“I want our culture to be, ‘We will compete for a WAC championship every single year.’ … That is our expectation level and I want it to be natural so that it’s not some strange thing.”
And yet, there’s no denying the Redhawks lost a lot of firepower when leading scorers Alexis Montgomery (18.7 points per game) and Jacinta Beckley (12.3) graduated.
Adding to their troubles, sophomore center Kallin Spiller, who averaged 9.2 points and 6.5 rebounds, transferred in the offseason to Columbia University.
“Any good program wants to lose student-athletes to graduation and not to transfer, but transferring is part of the game now,” Barcomb said. “If someone is looking for something different and is unhappy, you have to let them go. You can’t begrudge them the opportunity.”
The Redhawks are expecting junior guard Kamira Sanders, who was voted to the all-WAC preseason team, to step into the void left by Montgomery, who also led the team in rebounding and assists.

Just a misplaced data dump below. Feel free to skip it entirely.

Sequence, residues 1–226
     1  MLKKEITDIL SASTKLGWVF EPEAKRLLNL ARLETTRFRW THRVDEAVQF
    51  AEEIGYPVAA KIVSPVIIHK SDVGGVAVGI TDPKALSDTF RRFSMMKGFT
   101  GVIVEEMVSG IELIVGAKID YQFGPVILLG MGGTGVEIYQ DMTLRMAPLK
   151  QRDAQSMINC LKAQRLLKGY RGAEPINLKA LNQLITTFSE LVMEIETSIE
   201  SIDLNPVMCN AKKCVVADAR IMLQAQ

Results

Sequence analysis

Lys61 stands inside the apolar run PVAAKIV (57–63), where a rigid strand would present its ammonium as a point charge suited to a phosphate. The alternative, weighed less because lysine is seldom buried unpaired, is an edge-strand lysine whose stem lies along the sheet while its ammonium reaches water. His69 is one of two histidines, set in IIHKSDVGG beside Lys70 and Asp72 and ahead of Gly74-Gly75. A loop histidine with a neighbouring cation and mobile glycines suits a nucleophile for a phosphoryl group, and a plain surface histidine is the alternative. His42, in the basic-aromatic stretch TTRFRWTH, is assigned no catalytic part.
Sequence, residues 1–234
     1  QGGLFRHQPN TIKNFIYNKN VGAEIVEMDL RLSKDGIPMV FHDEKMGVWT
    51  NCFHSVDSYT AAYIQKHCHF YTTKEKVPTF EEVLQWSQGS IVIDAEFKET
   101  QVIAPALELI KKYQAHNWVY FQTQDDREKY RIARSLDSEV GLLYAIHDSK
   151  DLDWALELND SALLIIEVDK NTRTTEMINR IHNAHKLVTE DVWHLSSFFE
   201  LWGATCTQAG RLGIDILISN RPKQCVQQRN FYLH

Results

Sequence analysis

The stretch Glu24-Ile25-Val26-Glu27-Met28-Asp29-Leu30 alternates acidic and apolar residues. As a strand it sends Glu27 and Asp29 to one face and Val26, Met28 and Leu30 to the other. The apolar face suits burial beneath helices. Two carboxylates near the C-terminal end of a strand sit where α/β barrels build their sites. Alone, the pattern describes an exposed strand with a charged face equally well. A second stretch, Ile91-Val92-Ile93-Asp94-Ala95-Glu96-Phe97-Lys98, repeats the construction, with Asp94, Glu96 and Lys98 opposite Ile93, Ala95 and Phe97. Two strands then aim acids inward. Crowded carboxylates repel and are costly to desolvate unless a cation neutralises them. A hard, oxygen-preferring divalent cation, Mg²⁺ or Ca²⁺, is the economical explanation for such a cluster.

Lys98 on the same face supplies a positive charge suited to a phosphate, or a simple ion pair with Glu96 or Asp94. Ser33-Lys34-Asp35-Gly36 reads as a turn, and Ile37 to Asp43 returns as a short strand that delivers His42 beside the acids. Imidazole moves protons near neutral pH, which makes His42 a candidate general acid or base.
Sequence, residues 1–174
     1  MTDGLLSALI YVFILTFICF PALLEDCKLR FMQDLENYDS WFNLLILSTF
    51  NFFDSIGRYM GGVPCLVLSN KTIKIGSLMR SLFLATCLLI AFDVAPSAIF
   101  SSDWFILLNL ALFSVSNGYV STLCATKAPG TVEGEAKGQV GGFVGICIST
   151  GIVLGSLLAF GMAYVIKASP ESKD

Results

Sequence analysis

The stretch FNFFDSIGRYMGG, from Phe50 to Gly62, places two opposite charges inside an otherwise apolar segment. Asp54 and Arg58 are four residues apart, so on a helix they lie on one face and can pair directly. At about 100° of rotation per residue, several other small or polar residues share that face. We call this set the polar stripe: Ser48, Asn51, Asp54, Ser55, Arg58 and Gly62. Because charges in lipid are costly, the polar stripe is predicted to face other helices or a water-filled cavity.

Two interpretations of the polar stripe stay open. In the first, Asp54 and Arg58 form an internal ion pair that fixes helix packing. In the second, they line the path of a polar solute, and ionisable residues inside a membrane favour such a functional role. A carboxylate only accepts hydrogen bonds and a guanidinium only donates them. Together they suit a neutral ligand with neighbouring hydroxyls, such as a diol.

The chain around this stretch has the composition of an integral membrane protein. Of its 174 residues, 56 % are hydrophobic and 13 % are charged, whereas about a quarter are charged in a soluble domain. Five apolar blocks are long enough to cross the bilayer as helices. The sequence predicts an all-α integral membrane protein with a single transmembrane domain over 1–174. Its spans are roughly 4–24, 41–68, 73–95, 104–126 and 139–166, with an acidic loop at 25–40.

Sanders displayed star potential when she carried Seattle U in Las Vegas, including a game-high 20-point performance in the conference tournament championship game en route to winning the WAC tourney MVP award.
The 5-foot-7 guard, who averaged 11.5 points, 5.6 rebounds, 3.4 assists, also endured bouts of inconsistency last season.
“We can’t wait for half the year to go by and us to say you need to score,” Barcomb said. “It needs to be coming out of the gate. You have to understand you need to be a scoring threat for us game in and game out.
“You can’t have disappearing games. You just can’t do that as a junior. She knows what she’s capable of. She just became so incredibly comfortable in the WAC tournament and I don’t know why. She said I just felt comfortable, so we need for her to feel comfortable on every court we walk on.”